The Righteous and the Wicked

September 10 2019

By: Anthony Mathenia Scripture: Genesis Series: Genesis

The Righteous & the Wicked (Genesis 18)
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Preparation (verses 1-8)

The hospitality Abraham shows the three visitors was typical for that time and place. He goes through all the usual courtesies in giving them a welcome. However, it seems that Abraham goes even beyond the norm by considering it his own privilege to serve them—i.e. pleading with them to “please” give him the opportunity to serve. He minimizes his own efforts in serving them by saying he will get them a “little water” and a “piece of bread,” when in reality he gets them a choice calf and cakes and curds. His actual service to them far exceeds the initial offer he made to them. As they eat, Abraham stands– he waits their table and serves them continually. Just as he bows himself to the earth before them, so also his ongoing demeanor toward them is one of both hospitality and honor.

Promise (verses 9-15)

The Lord personally assures Abraham that in a year’s time, his wife will have given birth to a son (v. 10). In doubt, Sarah secretly laughs at the thought of a woman of her age giving birth. God’s good news to Sarah seems to good to be true! Though she laughed “to herself,” the Lord heard her. Sin is never hidden (c.f. Hebrews 4:13). Sarah adds lying on top of her unbelief by denying that she laughed, but still the Lord’s rebuke is gentle, reminding her that there is nothing too difficult for the Him, and restating once again the details of the promise (v. 14). In the end, we know that Sarah believed this promise of God, “since she considered Him faithful who had promised” (Hebrews 11:11). 

Do you find yourself in a similar situation to that of Sarah? Having received the promises of God, do we still find them difficult to believe. Jesus said, “Son, your sins are forgiven” (Mark 2:5). We’re assured that “In Him we have redemption through His blood, the forgiveness of our trespasses, according to the riches of His grace” (Ephesians 1:7). He has promised us eternal life (John 11:25-26) and everlasting security (John 10:28-29). Is this good news too good to be true for you? Or do you confidently believe that Christ has secured your place in heaven and are you fully hoping in the blood of Christ for the forgiveness of all your sins?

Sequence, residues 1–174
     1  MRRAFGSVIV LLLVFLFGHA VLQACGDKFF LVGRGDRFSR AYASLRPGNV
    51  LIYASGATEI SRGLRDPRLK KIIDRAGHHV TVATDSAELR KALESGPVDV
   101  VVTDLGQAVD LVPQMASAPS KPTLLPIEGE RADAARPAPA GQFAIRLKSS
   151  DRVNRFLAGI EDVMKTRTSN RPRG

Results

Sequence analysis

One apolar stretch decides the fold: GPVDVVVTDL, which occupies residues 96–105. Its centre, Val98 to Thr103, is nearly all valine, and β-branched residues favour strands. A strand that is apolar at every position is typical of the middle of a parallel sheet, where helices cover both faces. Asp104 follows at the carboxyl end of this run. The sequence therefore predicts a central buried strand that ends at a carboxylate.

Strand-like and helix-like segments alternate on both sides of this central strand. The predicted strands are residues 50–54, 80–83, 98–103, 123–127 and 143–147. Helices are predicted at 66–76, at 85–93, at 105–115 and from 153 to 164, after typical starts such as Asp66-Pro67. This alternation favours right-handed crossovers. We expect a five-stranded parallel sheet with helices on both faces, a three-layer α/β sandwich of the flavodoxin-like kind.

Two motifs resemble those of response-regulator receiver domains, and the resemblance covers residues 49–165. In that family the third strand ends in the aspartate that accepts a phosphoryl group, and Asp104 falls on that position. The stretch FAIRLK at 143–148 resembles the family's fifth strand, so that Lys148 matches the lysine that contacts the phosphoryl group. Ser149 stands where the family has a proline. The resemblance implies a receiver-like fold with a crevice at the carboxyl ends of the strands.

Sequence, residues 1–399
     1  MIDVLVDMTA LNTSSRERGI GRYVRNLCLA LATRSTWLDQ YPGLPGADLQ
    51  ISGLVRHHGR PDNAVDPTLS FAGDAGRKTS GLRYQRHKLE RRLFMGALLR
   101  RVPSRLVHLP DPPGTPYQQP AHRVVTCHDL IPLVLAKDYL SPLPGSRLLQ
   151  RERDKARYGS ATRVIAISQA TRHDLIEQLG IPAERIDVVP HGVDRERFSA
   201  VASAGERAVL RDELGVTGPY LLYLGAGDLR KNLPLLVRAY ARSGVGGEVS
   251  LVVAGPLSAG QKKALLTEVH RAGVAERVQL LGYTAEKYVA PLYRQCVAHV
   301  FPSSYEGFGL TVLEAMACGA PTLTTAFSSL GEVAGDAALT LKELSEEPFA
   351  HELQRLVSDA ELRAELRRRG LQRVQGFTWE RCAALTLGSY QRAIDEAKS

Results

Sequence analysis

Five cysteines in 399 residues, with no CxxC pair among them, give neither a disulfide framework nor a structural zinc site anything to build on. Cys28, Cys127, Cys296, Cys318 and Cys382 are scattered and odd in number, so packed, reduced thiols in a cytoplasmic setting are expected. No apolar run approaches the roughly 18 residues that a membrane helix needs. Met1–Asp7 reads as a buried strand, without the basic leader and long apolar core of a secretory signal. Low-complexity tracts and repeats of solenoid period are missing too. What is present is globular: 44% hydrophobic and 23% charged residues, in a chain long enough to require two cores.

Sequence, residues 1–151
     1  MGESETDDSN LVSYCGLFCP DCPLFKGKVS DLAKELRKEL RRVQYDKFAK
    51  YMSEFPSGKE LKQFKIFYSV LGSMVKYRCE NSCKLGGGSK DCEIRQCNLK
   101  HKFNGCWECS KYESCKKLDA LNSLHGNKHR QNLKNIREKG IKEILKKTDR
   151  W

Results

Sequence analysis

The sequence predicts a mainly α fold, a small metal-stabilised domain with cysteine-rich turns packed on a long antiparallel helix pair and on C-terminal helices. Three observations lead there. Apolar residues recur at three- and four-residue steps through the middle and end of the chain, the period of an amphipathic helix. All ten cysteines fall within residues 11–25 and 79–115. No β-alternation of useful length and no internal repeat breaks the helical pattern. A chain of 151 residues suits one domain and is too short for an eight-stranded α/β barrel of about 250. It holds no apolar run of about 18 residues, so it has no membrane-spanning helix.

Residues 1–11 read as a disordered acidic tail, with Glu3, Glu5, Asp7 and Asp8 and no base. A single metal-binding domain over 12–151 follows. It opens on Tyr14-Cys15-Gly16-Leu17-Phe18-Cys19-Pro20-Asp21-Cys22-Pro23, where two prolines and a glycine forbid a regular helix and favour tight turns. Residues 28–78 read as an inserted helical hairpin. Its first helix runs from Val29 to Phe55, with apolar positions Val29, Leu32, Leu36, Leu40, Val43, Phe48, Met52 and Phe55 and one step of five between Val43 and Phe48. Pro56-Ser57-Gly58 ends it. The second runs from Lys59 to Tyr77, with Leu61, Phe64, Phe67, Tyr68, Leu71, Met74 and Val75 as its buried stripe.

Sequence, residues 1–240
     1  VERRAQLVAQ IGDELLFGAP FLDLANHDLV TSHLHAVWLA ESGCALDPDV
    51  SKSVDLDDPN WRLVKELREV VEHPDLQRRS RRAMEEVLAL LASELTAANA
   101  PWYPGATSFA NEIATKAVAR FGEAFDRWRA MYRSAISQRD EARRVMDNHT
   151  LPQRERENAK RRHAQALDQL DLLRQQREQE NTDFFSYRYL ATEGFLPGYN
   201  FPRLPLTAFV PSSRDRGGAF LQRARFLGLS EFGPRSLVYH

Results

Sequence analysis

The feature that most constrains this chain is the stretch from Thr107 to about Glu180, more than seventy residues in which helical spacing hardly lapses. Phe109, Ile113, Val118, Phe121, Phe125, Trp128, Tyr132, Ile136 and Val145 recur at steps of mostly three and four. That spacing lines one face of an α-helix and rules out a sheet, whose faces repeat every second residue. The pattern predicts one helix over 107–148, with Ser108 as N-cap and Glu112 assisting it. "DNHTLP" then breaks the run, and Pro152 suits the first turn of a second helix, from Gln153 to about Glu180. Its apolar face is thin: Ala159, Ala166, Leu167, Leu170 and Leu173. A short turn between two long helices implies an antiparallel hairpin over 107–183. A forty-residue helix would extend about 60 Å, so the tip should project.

Privy (verses 16-21)

In brining Abraham into the know about is going to happen to Sodom, the Lord shows the intimacy that exists between them (Isaiah 41:8). This friendship between God and Abraham is possible only by grace. There is never any access to God available except through grace! The sin that is happening in Sodom is known by God, and God now makes known to Abraham HIs deliberations. While Abraham and his family are being blessed, the people of Sodom are being cursed. 

Pleading (verses 22-33)

The two messengers head off to Sodom, while the Lord stays with Abraham. Now that he has been informed about what the Lord intends to do to Sodom, Abraham appeals to God on the basis of his argument the righteous character of God as Judge (v. 23). In making his petition to God, Abraham rightly positions himself in humility, recognizing that he is “but dust and ashes” (v. 27). However, humility on Abraham’s part does not mean passivity. As long as there is a remnant, there is hope—so Abraham prayed! It’s interesting to see that with all of the major things going on in Abraham’s life, he was not so self-absorbed that he failed to be concerned for others. Amazingly, though Abraham stopped at 10 instead of continuing further, God eventually does rescue all the righteous (Lot’s family). What a great encouragement for us to pray! Even when we get the details wrong, God hears the heart of the prayer and loves to answer.

– In the end, it’s clear that Abraham was heard by God when he prayed (c.f. Genesis 19:29). How much more so will Christ’s prayer be heard by His Father? Christ has prayed to His Father that we be with Him where He is, in order that we may see His glory (John:24). How should such a prayer affect the way we view our security in Christ? How should the certainty that Christ is heard by His Father affect the way we ourselves pray?